Decoloniality scholar grows in stature

Prof Vuyisile Msila, Thabo Mbeki African School of Public and International Affairs, Unisa

A decoloniality scholar whose contribution to education leadership and school development initiatives is highly recognised, Prof Vuyisile Msila has scored another National Research Foundation (NRF) rating, and an upgrade from C3 to C2. Msila, of Unisa’s Thabo Mbeki African School of Public and International Affairs, says: "The rating encourages researchers to publish in journals that would elevate their stature as researchers."

Explaining what it means to be an NRF-rated researcher, he says: "The rating is based on a system which enables researchers to benchmark where they are in terms of research. It informs researchers about the impact of their research outputs." For Msila, getting a C2 rating is an affirmation of being an established researcher. He says: "A C2 rating means that the reviewers believe that I am not only an established researcher, but may also enjoy international recognition. To be a rated researcher also puts positive pressure for researchers to improve their research abilities."

Msila explains: "My previous rating was C3, and the current one means that the reviewers picked up an improvement in my research. This is a great encouragement and indicates that my research will grow until I am a researcher with international recognition in my disciplines of interest."

He adds: "The rating is a good measure that demonstrates the status of my research at any given time. I am also able to compare myself with my peers, to see where I am and which direction my research should take."

Creating new knowledge in research

Msila’s current endeavours are in interdisciplinary and multidisciplinary research. He remarks that interdisciplinary research enables him to synthesise ideas from several areas or disciplines. "From such dynamic knowledge base, I am able to create new knowledge and that is critical in any research," he says. According to Msila, the strength of interdisciplinary research is that it can combine several disciplines with a view of discovering new laws, principles and theories.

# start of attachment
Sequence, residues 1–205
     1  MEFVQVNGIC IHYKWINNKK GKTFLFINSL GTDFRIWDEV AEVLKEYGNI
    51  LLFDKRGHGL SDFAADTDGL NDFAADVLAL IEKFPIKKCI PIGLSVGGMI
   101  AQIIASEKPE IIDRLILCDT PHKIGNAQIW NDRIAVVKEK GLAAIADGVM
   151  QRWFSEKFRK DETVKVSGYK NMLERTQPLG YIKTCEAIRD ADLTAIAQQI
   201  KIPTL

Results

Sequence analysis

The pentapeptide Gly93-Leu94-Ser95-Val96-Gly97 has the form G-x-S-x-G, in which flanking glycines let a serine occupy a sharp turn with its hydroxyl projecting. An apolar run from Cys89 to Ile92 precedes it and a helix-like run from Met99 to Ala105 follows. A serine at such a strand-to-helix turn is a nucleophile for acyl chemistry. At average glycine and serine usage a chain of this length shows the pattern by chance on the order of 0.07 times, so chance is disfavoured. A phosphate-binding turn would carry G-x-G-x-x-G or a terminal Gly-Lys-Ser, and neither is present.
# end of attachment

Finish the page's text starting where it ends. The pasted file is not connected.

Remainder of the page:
As for multidisciplinary research, Msila says that the researcher uses knowledge from several areas of study, which are given to a certain problem. He elaborates: "The bringing together of various areas of study enables the researcher to search for solutions for today’s challenges. As a decoloniality scholar, I use both interdisciplinary and multidisciplinary research in response to global questions."

His current research focuses on education management, from basic education to higher education. He says: "With the rife decoloniality debates, the examination of educational management has become very critical."

He adds: "The Global South can never improve education without the close examination of management and leadership."

Growing into a quality researcher

Msila describes good and quality researchers as, among others, the following:

  • Creative and critical thinkers who can perceive societal problems as solvable. They also seek relevant answers to societal challenges and help the society look at its world differently.
  • Careful listeners who build rapport with participants and are unbiased.
  • Passionate academics who are serious about their studies. Researchers cannot be effective if they are not fervent about what they do. 

"These are basic qualities that good researchers should possess," concludes Msila. "Additionally, good researchers need to be motivated, meticulous and inquisitive, and always use exactitude and skill to conduct research."

* By Nancy Legodi, Acting Journalist, Department of Institutional Advancement

Publish date: 2021/05/10